But let’s say that you work out all these issues—your remote app unfailingly understands the workings of every hunk of entertainment gear manufactured in the last 20 years, interface design is flawless and predictable, and it responds as speedily as a hardware remote. One key issue remains: No useful feedback.
I’ve had my Harmony remote long enough that I know, by touch, where all its primary buttons are. Push the top of the long button on the right side to move up through channels, push the top of its corresponding partner on the left to increase volume, press Select in the middle, press Mute on the left side above volume… my fingers are trained to feel their way along.
You simply can’t do that with a touch screen. Some of these apps vibrate and make a noise when you tap a button, but that feedback tells you nothing more than you've tapped something. And sure, if the interface offers precious few buttons you can usually do what you want by broadly tapping along one of the screen’s edges, but then your interface is so limited that you’re back to the swiping-to-other-screens issue, which, again, takes your eyes off the large screen you want to watch and places them on the much smaller screen you don’t. Place too many buttons on the screen and it’s impossible to navigate by “feel.”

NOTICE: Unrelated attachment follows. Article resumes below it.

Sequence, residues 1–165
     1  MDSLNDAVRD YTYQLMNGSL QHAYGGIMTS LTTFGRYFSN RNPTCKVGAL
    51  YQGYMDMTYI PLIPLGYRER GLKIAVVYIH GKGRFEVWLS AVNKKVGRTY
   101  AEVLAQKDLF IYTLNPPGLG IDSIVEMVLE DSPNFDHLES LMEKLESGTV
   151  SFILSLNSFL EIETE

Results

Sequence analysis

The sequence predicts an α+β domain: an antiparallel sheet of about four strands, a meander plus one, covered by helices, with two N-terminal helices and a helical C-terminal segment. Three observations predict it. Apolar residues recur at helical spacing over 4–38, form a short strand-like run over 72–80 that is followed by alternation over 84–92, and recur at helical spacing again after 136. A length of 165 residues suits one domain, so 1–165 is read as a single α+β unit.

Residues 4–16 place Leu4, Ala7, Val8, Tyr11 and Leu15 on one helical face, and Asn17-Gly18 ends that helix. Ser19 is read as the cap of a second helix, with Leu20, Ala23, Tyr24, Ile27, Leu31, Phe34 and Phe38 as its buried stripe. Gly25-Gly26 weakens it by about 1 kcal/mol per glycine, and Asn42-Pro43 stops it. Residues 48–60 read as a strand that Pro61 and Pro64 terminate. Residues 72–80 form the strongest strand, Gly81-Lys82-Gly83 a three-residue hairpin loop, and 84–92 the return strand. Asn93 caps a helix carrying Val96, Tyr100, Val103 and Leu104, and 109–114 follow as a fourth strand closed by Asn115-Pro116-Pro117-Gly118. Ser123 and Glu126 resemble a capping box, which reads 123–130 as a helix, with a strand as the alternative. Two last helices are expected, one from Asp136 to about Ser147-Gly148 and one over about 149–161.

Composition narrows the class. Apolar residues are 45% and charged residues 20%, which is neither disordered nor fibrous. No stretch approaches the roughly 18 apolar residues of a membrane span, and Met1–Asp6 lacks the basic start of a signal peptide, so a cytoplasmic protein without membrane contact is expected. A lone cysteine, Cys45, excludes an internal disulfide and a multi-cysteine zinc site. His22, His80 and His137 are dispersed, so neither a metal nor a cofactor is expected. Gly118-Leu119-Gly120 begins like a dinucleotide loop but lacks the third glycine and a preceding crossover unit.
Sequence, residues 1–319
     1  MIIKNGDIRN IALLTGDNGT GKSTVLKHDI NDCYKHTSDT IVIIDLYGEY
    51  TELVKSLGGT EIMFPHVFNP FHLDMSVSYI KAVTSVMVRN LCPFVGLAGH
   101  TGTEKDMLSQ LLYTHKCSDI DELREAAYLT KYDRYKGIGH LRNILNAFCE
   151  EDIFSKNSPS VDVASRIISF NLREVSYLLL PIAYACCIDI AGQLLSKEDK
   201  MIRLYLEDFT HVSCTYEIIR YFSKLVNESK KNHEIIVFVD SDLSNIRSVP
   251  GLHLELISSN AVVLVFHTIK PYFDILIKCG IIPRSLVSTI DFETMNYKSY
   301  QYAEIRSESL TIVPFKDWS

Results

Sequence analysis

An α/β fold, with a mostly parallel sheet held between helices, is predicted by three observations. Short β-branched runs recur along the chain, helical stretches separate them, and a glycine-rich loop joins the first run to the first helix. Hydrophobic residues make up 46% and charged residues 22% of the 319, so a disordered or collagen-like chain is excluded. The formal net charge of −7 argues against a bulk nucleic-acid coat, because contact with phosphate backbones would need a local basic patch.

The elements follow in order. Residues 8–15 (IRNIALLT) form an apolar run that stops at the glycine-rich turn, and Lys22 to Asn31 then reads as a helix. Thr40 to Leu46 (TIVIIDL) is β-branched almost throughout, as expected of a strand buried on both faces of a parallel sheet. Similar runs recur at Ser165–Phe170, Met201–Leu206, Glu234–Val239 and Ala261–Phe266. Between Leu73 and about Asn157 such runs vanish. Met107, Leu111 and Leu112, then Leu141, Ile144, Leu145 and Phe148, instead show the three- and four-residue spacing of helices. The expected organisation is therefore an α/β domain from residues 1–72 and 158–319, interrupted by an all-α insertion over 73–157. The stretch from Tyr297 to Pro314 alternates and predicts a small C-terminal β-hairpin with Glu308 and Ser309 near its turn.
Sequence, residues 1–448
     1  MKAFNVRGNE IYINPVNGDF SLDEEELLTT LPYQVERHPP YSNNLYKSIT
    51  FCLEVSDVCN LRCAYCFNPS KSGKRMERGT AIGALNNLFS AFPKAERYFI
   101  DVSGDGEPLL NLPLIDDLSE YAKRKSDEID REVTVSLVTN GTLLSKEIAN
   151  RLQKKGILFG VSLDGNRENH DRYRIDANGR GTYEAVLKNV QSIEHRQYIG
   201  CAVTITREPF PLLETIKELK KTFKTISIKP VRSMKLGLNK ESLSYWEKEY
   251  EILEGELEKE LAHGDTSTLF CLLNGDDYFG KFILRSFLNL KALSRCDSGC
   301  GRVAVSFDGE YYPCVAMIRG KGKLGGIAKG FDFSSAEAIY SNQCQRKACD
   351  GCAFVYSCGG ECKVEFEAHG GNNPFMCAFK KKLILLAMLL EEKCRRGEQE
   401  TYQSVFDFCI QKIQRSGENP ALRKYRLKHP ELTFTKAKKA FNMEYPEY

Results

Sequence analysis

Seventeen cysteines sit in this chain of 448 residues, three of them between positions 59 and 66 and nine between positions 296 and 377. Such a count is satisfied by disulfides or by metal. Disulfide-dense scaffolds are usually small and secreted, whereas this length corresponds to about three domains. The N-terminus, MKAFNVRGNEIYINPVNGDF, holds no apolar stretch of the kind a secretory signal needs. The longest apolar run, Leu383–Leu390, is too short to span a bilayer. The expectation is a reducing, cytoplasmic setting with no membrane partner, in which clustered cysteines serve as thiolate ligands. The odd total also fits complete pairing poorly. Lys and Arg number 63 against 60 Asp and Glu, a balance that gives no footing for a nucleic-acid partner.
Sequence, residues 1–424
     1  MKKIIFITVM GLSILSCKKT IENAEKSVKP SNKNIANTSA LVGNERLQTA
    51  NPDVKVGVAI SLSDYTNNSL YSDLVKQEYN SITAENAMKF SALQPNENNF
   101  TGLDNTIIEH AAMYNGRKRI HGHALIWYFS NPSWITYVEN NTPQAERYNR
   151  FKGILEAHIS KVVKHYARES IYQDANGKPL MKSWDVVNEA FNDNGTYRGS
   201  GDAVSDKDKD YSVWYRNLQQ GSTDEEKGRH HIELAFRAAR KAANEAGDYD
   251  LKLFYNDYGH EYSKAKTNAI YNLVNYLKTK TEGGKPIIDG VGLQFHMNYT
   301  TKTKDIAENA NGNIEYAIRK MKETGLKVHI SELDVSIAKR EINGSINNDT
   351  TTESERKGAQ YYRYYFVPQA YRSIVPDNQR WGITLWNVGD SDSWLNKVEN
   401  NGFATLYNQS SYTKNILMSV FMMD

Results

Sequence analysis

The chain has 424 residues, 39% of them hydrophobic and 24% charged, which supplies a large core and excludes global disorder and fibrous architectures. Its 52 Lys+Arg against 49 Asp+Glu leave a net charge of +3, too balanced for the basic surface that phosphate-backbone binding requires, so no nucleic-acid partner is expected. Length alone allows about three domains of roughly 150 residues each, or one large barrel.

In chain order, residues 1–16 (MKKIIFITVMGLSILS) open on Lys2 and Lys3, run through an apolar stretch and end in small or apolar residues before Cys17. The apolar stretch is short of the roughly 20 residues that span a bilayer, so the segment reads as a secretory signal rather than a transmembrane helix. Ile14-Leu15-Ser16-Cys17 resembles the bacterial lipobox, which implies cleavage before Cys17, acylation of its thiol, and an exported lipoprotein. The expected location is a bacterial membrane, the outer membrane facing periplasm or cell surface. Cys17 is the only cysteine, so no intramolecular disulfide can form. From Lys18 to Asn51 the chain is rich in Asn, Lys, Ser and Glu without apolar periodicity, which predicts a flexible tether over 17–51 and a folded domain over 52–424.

Anticipating a few comments likely to appear below these words, I readily admit that the Harmony software can be horrendous. It’s a drag to jack your remote into your computer and run through Logitech’s ugly setup interface. It’s draggier when a component doesn’t respond as it should and you have to return to the setup application to fix it. But once you’ve completed setup—even with its burps and hiccups—the remote works reliably. Reliably enough, in my experience, that I don’t need to touch that setup application again until I buy a new component. Even with the application’s challenges, I’d much rather live through this half-hour of inharmonious hell than spend every night in purgatory wrestling with an iOS remote.
So, for me, the Harmony makes sense. And I expect that it’s going to make sense for a long time to come. It’s not that the iOS developers who’ve tackled this issue are stupid. It’s that the issue they’re tackling is very, very hard because the tool on which they’re attempting to work their magic is hostile to this kind of task. Seasoned couch potatoes don’t want to take their eyes off the prize to fiddle with an app’s interface, but that’s what an iOS device demands. I frankly haven’t a clue how an app can overcome this problem. Given the far-too-many unsuccessful iOS remotes I’ve seen, developers seem to be just as clueless.
This story, "Remote possibilities: Why an iPhone + dongle < universal remote" was originally published by TechHive.